James Henderson

Jay Henderson
Associate Professor,
Department of Biomedical and Chemical Engineering
Director, Bioengineering Graduate Program
Address: 318 Bowne Hall
Phone: 315-443-9739
E-mail: jhhender@syr.edu
Lab website: http://henderson.syr.edu


Developing smart materials for the study and application of cell mechanobiology
Our goal is to understand how biophysical stimuli (e.g., stresses and strains) regulate tissue development, maintenance, and disease progression and to use that understanding to develop biomimetic bench-top research platforms, biomedical devices, and tissue-engineering and regenerative medicine approaches. Current projects focus on the treatment of orthopaedic injuries and on cancer.


Developing Advanced Computational Tools to Enable the Study and Application of Cell Mechanobiology
Our goal is to integrate innovative computational (for example, cell tracking) and experimental (for example, cell imaging) approaches to enable the study of cells in increasingly advanced and physiologically relevant in vitro environments. Current projects focus on dense cells interacting with 2D or 3D shape-changing biomaterial substrates and scaffolds.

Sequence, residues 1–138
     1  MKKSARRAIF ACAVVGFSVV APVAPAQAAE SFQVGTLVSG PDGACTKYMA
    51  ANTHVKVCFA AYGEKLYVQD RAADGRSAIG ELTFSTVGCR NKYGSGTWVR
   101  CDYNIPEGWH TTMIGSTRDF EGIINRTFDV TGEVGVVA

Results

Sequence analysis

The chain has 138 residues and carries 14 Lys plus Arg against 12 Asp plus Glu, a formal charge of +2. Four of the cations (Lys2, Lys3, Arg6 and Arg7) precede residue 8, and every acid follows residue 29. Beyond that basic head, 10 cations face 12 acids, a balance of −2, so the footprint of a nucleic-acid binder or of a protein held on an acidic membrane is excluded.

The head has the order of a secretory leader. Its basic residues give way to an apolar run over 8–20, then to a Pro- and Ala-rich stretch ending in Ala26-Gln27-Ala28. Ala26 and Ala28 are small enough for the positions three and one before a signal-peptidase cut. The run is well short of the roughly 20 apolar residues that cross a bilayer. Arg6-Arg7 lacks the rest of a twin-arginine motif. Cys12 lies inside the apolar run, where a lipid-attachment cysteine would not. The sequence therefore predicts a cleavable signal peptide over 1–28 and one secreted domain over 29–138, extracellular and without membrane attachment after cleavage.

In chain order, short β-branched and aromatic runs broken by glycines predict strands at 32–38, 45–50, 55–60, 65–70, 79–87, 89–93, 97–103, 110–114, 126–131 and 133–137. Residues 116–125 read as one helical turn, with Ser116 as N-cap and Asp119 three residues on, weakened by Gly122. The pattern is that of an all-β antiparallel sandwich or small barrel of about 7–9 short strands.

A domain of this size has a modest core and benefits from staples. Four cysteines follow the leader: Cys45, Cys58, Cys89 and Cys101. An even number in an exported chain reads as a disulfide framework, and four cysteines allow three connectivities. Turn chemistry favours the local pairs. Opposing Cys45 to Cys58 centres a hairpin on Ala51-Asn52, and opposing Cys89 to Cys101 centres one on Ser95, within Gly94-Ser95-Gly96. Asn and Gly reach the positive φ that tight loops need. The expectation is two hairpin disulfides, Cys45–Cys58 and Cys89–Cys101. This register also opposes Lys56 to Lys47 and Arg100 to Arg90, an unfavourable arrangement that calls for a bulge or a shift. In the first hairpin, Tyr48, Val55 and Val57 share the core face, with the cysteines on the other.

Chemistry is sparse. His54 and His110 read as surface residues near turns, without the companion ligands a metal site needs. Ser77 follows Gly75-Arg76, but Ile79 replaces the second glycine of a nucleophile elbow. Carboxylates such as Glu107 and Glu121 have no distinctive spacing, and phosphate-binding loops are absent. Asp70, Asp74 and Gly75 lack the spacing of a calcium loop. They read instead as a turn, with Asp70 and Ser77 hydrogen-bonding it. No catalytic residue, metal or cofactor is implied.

Modulating Chondrogenesis for Tissue Engineering Applications
We are determining whether, and to what extent, biomechanical, biochemical, and topographical signals can modulate phenotypic characteristics of chondrocytes. Our long-term objective is to contribute key understanding to the engineering of functional articular cartilage. Current projects focus on the effects of mechanobiological signals from smart materials and on hypoxic expansion of the preparation and biomechanical properties of engineering cartilage.

Recent Publications:


  • Baker RM, Brasch ME, Manning ML, and Henderson JH. Automated, contour-based tracking and analysis of cell behaviour over long timescales in environments of varying complexity and cell density. Journal of the Royal Society Interface, 11(97), 20140386.
  • Wormer DB, Davis KA, Henderson JH, Turner CE. The Focal Adhesion-Localized CdGAP Regulates Matrix Rigidity Sensing and Durotaxis. PLoS ONE, 9(3): e91815, 2014.
  • Tseng L, Mather PT, and Henderson JH. Shape-memory actuated change in scaffold fiber alignment directs stem cell morphology. Acta Biomaterialia, 9:8790-8801, 2013.
  • Baker RM, Henderson JH, and Mather PT. Shape memory poly(epsilon-caprolactone)-co-poly(ethylene glycol) foams with body temperature triggering and two-way actuation. Journal of Materials Chemistry B, 1:4916-4920, 2013.
  • Baker RM, Yang P, Henderson JH, and Mather PT. In vitro wrinkle formation via shape memory dynamically aligns adherent cells. Soft Matter, 9:4705-4714, 2013.
  • Xu X, Davis KA, Yang P, Gu X, Henderson JH, and Mather PT. Shape memory RGD-containing hydrogels: synthesis, characterization, and application in cell culture. Macromolecular Symposia, 309-310: 162-172, 2011.
  • Davis KA, Luo X, Mather PT, and Henderson JH. Shape memory polymers for active cell culture. J Vis Exp (53):e2903, 2011.
  • Davis K.A., Burke K.A., Mather P.T., and Henderson J.H. Dynamic cell behavior on shape memory polymer substrates. Biomaterials, 32:2285-2293, 2011.



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